Tesco is stepping up its price war against rival Aldi as it prepares for the coronavirus crisis to plunge the UK into deep recession.
Dave Lewis, chief executive of Tesco, said the grocer was extending its Aldi Price Match to almost 500 products and was seeking “further opportunities” in making its items more affordable.
It came as the supermarket said it had seen net gains of customers switching from Aldi to Tesco for the first time in a decade.
Mr Lewis said: “We are extending Aldi Price Match to nearly 500 Tesco and branded products and will continue to seek further opportunities to bring even greater everyday value to customers at this challenging time.”
He added that Tesco’s average prices were now broadly level with its Big Four competitors, Sainsbury’s, Asda and Morrisons, compared with six years ago when it was 7pc more expensive.
Neil Shah, director of research at Edison Group, said Tesco had “clearly benefited from their revised strategy, helping them restore confidence in the group”.
But he warned that consumer habits could shift as the UK emerges from lockdown.
“Investors should keep a close eye on the company, since the group operates in a crowded market with retailers Aldi and Lidl continuing to gain market share and current results might not be replicated when the UK is lifted from lockdown,” he said.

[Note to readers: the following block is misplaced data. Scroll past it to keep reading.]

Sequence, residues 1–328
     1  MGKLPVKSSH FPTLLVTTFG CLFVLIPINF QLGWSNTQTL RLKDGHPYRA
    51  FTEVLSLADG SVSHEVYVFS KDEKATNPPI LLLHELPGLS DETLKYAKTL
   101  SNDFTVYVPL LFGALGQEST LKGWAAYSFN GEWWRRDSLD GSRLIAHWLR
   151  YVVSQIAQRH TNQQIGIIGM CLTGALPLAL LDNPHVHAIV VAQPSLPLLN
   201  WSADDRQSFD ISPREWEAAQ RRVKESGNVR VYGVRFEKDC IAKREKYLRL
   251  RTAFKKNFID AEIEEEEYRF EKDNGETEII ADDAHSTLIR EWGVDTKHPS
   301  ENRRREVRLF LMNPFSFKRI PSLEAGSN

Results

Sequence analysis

Britain’s Big Four grocers have enjoyed booming demand during the crisis as consumers stockpiled store cupboard items and spent more when shopping online. A resurgence in home cooking has also benefitted the supermarkets with restaurants remaining closed during the lockdown.
Tesco reported an 8.2pc rise in like-for-like sales to £12.2bn at its UK and Ireland business during the 13 weeks to May 30, boosted by a significant rise in online orders.
Online sales in the UK soared by 48.5pc during the period, jumping by 90pc in May alone. In Ireland they grew 51pc in the 13-week period and by 106pc in central Europe. Tesco now has the capacity for 1.3m delivery slots per week, compared with 600,000 pre-crisis and expects online sales to grow by £2bn this year.
Tesco said its customers had been making fewer trips to its supermarkets during lockdown but had been doing bigger shops when they visit, with the amount being bought rising by almost two-thirds.
Despite a strong performance at its supermarkets, sales at Tesco Bank slumped 26.5pc due to the closure of its travel money business and a reduction in its ATM usage as more people used card payments during the lockdown.
Tesco has increased its provision for potential bad debts at the bank, which is expected to make a loss of between £175m and £200m this year.
The grocer has also seen a substantial increase in costs as a result of the pandemic, which will set it back £840m this year. Tesco has so far spent £65m on safety equipment for staff such as face coverings and has seen further costs from providing paid leave to vulnerable workers and recruiting 47,000 temporary staff.
Tesco is facing a backlash among investors at its general meeting today after the board granted a £2m bonus to Mr Lewis, who is stepping down on Oct 1 to be replaced by Ken Murphy.
Mr Lewis declined to comment, saying the matter was a “question for the board”.